Let’s take this analysis one step further.  The reason that business owners and investors view workers consciously as costs today and unconsciously as robots is because workers are beginning to blur together with the increasingly complex technology that they operate.  They are becoming what they use.  The complex entities of these machines act as models for how people should behave and mirror back the behavior that they, the people, then adopt.  And as people start acting more and more like robots, the company owners and the investors who own the complex machinery merge the workers into the machine system as components barely distinguishable from the actual machine components. And if workers are merely robots, then they are incapable of leaving organic imprints on the owners and investors for whom they work.  The suffering they experience from wages on which they can’t live, from minimal or no benefits, and from job insecurity does not leave an impression on the owners and investors.  If the workers are merely robots, their suffering simply translates into mechanical dysfunction.  Too many complaints and the robot can be replaced with another one that is less troublesome.  Taking it one step, further, a worker today is a free-floating figure in a vacuum.  He has no economic grounding in his society.  There is little formal protection of his job from the government and little informal protection of his job from his community and social groups.  And because he lacks any meaningful grounding within his own sense of self, he doesn’t inspire any bonding emotions like compassion, concern or respect from the owners and investors.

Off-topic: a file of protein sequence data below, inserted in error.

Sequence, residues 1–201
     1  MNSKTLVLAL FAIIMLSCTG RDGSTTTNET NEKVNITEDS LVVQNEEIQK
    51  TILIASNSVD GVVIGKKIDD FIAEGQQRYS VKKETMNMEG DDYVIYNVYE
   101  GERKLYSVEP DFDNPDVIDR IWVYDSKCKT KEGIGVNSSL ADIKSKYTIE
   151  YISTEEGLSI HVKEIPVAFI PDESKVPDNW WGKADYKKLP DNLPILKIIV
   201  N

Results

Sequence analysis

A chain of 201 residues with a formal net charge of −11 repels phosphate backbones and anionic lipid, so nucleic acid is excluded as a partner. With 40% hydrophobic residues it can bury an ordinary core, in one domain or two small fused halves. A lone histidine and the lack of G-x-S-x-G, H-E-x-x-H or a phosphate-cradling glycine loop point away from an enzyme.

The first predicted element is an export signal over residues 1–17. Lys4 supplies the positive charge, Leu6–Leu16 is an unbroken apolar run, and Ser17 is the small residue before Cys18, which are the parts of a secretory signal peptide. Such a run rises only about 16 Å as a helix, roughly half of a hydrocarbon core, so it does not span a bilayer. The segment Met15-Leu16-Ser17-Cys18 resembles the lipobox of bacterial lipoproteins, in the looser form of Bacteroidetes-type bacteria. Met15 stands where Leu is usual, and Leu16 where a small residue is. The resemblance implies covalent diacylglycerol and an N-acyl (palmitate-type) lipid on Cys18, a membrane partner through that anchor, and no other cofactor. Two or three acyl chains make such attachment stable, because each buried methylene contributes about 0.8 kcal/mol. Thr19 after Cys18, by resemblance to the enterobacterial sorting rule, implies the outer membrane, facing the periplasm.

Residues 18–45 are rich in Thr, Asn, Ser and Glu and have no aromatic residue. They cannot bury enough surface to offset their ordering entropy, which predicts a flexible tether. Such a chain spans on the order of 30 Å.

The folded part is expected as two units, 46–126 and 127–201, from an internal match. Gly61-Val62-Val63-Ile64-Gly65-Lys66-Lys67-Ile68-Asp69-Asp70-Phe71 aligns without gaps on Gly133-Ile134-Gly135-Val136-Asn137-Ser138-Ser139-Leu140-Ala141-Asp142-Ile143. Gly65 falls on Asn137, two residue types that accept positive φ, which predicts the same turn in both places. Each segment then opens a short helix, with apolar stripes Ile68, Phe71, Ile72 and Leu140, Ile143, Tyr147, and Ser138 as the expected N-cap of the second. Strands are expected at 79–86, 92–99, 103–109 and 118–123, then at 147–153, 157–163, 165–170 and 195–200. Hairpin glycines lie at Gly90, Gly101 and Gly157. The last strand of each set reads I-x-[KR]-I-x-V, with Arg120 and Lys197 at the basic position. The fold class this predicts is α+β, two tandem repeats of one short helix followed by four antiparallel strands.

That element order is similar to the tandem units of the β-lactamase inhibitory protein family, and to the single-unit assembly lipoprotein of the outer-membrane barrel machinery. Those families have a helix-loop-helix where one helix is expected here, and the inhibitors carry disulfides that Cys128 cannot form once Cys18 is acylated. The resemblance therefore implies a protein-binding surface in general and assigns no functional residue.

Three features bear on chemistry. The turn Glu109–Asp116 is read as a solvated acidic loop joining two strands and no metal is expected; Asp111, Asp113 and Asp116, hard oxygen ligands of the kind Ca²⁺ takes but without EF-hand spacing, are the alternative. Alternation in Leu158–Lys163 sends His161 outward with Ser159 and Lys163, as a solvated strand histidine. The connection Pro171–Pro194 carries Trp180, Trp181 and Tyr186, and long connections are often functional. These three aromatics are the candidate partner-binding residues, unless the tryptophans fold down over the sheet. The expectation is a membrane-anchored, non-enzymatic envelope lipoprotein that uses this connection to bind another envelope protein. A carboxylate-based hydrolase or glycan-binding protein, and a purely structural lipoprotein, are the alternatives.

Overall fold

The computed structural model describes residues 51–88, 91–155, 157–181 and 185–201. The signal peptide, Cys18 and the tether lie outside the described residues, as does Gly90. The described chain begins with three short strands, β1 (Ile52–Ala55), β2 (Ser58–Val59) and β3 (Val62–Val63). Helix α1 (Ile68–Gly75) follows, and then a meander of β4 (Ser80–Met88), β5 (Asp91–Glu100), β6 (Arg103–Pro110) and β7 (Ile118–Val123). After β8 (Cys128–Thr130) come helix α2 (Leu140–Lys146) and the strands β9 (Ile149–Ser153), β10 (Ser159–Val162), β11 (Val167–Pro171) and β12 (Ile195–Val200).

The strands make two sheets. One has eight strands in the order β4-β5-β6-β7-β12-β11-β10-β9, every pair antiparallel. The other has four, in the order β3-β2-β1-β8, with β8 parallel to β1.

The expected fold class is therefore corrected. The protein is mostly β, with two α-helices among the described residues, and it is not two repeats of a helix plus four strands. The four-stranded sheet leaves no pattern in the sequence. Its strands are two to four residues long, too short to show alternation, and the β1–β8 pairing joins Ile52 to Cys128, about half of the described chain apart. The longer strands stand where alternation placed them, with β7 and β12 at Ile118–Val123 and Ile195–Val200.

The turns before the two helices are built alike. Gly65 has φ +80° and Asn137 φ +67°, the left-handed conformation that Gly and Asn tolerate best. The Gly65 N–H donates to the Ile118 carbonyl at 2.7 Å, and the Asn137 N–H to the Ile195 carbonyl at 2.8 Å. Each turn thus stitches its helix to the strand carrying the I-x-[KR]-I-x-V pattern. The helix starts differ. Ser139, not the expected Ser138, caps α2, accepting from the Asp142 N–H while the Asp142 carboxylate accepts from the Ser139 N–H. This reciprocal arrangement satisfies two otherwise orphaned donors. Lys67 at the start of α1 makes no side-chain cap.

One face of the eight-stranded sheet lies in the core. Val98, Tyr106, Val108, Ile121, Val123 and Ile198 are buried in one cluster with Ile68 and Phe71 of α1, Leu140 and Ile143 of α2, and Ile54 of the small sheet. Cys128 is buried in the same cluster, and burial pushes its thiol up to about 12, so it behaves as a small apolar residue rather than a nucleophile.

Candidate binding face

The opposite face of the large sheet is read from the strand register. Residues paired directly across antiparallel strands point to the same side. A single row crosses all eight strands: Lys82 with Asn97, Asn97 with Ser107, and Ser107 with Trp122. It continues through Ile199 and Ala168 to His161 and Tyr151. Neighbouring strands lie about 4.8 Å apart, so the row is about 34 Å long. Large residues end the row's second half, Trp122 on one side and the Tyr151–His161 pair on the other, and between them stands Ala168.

Returning to our original discussion, the economic attitude of a worker being viewed as a cost is based on the experience of the worker as something not-human, as a robot, as a machine, as a free floating ungrounded figure.  A question arises as to how such an attitude can coexist with the concept of the dignity of the individual human being that is fundamental to modern democratic societies.  A robot cannot be a citizen of a democracy.  So if a human worker is actually a person, then he should have the opportunity to work in a situation where he is truly treated like a human being and not like a robot.  The transformation of more and more workers into robots is not conducive to the maintenance of a democratic society.  While it is still possible, modern democratic societies will have to find the means to start protecting its working citizens from gradually sinking into non-human economic status.  If not, modern democratic societies will cease being democratic.  This is why it is important that workers be seen as investments on a balance sheet and not costs on a profit-loss statement.

© 2014 Laurence Mesirow